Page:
Causal inference tries to quantify the effect of a change in $X$ on $Y$ whilst holding constant or eliminating all other relevant factors which might influence this relationship.
Causal inference tries to quantify the effect of a change in $X$ on $Y$ while holding constant or eliminating all other relevant factors which might influence this relationship. Such an effect is often referred to as a causal (or treatment) effect. It can be used to answer "what if"-type questions like: what happens to crime if we increase the police force by 10%? How will a person's future earnings change if she goes to school one year longer?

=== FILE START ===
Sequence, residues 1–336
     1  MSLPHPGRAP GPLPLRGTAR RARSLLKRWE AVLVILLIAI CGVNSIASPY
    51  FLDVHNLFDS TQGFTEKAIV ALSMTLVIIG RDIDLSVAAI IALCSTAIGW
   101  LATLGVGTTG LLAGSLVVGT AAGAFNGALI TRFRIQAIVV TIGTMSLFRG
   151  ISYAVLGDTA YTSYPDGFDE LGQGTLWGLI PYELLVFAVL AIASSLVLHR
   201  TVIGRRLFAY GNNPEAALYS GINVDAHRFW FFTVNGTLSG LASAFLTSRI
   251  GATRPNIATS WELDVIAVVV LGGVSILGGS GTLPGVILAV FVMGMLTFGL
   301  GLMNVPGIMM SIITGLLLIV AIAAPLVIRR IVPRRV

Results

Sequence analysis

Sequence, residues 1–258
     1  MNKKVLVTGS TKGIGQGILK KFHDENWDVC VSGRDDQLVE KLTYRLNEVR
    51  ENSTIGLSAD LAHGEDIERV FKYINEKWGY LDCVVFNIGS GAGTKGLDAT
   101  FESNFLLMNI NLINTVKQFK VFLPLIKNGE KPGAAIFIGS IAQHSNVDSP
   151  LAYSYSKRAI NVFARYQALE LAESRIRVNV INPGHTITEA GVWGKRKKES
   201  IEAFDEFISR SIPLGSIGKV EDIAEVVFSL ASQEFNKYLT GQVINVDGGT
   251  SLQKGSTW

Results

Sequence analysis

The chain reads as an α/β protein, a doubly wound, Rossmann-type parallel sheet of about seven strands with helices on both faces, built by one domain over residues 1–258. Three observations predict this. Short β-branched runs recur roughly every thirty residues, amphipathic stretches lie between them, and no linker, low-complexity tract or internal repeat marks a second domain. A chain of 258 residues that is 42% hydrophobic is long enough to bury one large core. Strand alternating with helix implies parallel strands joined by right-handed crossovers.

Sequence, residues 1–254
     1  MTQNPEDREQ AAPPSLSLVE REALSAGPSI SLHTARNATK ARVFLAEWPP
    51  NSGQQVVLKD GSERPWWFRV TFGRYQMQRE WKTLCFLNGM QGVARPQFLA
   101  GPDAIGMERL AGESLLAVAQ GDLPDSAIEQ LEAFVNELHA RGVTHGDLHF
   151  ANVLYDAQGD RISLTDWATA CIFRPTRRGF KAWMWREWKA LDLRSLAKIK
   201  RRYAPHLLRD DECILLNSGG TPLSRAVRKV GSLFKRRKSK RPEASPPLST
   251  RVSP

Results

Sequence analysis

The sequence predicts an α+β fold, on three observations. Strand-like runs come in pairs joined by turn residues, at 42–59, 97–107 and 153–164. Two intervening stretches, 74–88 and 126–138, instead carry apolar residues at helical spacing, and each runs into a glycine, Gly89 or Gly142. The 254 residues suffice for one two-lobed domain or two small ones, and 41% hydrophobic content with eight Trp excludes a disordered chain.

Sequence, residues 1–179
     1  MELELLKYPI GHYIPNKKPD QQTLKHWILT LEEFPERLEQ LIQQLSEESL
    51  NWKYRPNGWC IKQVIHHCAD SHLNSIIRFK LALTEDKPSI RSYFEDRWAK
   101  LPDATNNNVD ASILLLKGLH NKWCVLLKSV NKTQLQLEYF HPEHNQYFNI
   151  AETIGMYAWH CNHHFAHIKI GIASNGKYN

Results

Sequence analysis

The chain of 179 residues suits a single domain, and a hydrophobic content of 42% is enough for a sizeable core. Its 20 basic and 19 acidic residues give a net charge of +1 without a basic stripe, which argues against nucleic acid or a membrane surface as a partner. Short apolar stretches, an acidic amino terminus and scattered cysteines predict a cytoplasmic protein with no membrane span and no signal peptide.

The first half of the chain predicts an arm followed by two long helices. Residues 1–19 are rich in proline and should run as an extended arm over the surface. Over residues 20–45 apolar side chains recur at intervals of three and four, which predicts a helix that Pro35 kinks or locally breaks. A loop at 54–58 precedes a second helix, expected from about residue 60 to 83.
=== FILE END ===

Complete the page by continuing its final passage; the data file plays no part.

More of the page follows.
Note that in statistics and philosophy there is no single agreed-on definition of causation. Commonly used conceptual frameworks to think about causality are the Rubin Causal Model based on counterfactuals, structural equation modelling, and causal decision theory. Statistical tools for causal inference include instrumental variables models, regression discontinuity designs, difference-in-differences, and matching models.
For further references on the philosophical and statistical aspects of causal inference see: